Sleep News Weekly || Oct 27, 2017: Sleep for special needs kids, the vicious cycle of insomnia and sleeping pills, more

SHC vets the latest news on sleep so you don't have to.

Life-saving baby boxes prevent sudden infant death syndrome (SIDS); deviated septum causes and symptoms; the vicious cycle of insomnia and sleeping pills; Trump might worsen your seasonal affective disorder (SAD); and more about how America (and the world) sleeps.

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This news curation is SHC’s weekly effort to bring people the latest in sleep health links culled from the last week, categorized in newspaper-like “sections” and related, in some way, to sleep. 
Who is this weekly news curation for? Note our subtitle: “News that Everyone Can Use… Because Everyone Can Use Some Sleep.” Our SleepNews Weekly feature is for ordinary people, sleep-disordered patients, families, all kinds of healthcare practitioners, policymakers, trend trackers.  
If you have thoughts about any of these news headlines, feel free to share them in the comments below! We love to hear from readers! Cheers, TGIF, and have a great weekend!—The Curator


Dateline: October 21, 2017 from Sleep Hub (Australia)

Sleep in Special Needs Children (podcast)

Children with severe developmental disabilities or autism often have difficulty with sleep which can not only impact on their sleep, but affect the whole family.(click headline for more)



Dateline: October 20, 2017 from The Cut

A Sleep Scientist on the Vicious Cycle of Insomnia and Sleeping Pills

Walker explores the latest scientific research to show the unfortunate truth about sleeping pills: They don’t work as well as we wish they did. Sleep medications don’t deliver the same restorative benefits as natural sleep, and even though people who take them often swear by them, the research suggests that the drugs don’t tend to increase sleep quality beyond placebos. Currently, Walker says, the best available treatment method for combating chronic sleeplessness is not pharmacological at all; it’s psychological.” … (click headline for more)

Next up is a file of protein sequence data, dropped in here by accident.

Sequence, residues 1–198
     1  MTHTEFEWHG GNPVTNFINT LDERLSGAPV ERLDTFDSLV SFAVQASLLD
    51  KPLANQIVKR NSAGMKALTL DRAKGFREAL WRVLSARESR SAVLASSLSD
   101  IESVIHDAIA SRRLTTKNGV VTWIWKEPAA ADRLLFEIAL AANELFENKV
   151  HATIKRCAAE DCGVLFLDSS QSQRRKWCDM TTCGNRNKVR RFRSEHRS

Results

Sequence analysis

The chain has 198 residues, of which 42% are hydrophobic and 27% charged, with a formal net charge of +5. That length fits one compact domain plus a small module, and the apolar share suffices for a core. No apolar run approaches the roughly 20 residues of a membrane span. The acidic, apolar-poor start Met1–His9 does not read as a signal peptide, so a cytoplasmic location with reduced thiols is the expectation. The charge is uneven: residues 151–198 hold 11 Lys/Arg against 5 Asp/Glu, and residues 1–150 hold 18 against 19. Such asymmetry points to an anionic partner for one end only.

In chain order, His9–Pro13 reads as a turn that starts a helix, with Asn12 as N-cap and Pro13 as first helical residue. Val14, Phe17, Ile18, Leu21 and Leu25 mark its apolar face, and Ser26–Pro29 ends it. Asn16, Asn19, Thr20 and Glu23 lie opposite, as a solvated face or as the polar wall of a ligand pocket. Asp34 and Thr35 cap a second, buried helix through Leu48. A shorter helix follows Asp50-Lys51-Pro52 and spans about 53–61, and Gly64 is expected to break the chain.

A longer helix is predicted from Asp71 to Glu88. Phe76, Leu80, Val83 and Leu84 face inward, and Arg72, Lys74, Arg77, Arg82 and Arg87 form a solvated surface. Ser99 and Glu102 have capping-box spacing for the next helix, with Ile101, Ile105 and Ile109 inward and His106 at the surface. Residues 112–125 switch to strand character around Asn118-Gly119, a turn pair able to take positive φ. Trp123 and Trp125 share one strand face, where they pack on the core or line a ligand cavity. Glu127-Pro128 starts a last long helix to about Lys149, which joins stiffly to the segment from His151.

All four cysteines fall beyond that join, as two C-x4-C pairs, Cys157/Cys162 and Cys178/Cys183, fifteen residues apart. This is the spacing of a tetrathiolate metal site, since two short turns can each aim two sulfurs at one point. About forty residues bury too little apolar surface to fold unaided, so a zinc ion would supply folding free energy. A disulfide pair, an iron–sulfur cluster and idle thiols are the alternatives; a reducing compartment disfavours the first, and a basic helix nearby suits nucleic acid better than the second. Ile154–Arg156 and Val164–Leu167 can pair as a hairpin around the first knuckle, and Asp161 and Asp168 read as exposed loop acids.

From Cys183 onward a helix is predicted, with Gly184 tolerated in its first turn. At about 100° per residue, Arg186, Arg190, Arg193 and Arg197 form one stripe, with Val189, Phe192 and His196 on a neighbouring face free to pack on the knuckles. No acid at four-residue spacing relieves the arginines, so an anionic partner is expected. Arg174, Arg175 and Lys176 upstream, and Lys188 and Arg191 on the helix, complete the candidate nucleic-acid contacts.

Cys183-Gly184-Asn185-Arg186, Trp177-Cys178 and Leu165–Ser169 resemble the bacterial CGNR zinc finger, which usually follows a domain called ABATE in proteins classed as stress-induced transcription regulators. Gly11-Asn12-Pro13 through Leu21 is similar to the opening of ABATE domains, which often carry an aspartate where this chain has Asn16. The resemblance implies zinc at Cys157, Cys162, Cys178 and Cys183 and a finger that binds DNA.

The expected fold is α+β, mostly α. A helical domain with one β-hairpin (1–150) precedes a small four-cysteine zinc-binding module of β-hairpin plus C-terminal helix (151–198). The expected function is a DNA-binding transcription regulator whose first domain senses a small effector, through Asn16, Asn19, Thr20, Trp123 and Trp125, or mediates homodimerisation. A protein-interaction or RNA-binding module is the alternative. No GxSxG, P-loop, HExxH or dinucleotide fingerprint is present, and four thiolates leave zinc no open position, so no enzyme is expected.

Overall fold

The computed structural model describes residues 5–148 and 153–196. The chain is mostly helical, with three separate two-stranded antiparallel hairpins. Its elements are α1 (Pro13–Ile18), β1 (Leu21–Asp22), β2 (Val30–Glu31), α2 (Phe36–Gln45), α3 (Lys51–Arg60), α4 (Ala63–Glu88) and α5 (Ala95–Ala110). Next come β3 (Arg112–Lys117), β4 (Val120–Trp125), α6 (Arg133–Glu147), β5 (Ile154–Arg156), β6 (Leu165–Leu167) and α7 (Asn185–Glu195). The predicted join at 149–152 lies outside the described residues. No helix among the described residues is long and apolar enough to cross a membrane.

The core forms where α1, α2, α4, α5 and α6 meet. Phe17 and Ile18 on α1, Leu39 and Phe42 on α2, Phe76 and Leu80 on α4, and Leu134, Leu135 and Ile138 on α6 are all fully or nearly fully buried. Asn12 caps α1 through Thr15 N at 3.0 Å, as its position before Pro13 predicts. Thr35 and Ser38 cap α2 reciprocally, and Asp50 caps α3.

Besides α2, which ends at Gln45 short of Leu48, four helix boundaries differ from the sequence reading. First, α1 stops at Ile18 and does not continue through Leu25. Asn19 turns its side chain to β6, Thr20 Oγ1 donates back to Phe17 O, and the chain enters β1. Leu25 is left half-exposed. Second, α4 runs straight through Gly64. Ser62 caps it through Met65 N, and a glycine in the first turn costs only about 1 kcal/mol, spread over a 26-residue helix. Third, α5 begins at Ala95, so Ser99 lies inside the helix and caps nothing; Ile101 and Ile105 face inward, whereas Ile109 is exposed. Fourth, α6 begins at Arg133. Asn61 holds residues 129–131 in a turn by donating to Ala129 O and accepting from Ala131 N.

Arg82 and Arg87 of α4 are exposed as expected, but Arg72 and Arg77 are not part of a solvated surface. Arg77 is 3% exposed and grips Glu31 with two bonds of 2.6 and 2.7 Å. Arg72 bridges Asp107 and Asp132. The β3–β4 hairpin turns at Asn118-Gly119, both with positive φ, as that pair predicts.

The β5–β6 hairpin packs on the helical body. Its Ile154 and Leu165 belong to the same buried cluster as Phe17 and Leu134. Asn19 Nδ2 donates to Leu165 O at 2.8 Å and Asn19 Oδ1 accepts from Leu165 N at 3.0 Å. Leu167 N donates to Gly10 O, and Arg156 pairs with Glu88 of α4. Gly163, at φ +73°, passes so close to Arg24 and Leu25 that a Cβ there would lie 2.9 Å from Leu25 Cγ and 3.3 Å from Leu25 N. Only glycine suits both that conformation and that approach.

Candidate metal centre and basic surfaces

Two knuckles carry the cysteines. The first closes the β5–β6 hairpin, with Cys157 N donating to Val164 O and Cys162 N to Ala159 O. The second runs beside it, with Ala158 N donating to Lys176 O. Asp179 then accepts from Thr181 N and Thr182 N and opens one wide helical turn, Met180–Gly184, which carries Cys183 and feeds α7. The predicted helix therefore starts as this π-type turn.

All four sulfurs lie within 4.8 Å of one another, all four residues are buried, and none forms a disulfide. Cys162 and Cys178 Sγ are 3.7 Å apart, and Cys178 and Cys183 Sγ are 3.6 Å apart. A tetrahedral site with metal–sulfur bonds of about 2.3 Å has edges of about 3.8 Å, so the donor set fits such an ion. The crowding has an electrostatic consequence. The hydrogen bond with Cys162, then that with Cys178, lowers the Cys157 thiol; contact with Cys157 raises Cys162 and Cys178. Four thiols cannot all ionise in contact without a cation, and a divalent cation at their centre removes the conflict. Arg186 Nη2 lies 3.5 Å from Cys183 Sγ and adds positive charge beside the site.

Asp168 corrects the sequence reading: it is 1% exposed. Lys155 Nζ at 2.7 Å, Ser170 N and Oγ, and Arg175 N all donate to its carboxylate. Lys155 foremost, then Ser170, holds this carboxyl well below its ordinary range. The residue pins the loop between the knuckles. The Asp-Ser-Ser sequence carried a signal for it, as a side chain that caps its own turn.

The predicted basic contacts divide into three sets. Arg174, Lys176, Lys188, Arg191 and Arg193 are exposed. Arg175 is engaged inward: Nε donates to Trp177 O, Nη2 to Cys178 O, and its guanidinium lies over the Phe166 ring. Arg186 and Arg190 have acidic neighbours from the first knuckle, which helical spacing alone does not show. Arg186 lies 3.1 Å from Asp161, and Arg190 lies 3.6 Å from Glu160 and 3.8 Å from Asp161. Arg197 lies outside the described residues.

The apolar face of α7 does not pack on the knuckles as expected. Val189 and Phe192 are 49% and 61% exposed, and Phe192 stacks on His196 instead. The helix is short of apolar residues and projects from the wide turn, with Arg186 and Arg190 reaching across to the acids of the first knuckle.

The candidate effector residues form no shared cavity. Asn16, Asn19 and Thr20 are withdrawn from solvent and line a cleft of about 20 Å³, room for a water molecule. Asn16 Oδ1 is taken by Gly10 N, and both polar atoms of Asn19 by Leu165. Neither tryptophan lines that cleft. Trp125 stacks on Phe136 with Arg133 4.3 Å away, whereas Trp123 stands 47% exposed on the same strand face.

Dateline: October 27, 2017 from Times-Ledger

Cuomo sign Simotas’ bill to provide life-saving baby boxes to new parents

New parents will be getting life-saving “baby boxes” now that Gov. Andrew Cuomo has signed a bill sponsored by state Assemblywoman Aravella Simotas (D-Astoria) to reduce infant mortality from asphyxiation or Sudden Infant Death Syndrome.(click headline for more)



Dateline: October 26, 2017 from The Eagle (American University)

Staff Editorial: Stress is not the benchmark for student success

Too often, students chat over their mutual lack of sleep. Working on several different projects without sleep is inherently damaging, and should not be the expectation.(click headline for more)



Dateline: October 24, 2017 from Chicago Business Journal

British Airways makes a big investment in premium cabin sleep wars

British Airways is plunging into the fray in the rapidly-intensifying airline premium cabin sleep wars. …The carrier said today it will begin rolling out new bedding from British retailer The White Co. on its New York-to-London routes starting this week, part of a $500-million investment in upgrading the carrier’s Club World business class product.(click headline for more)



Dateline: October 24, 2017 from Sleep Junkies

A bedroom design plan for better sleep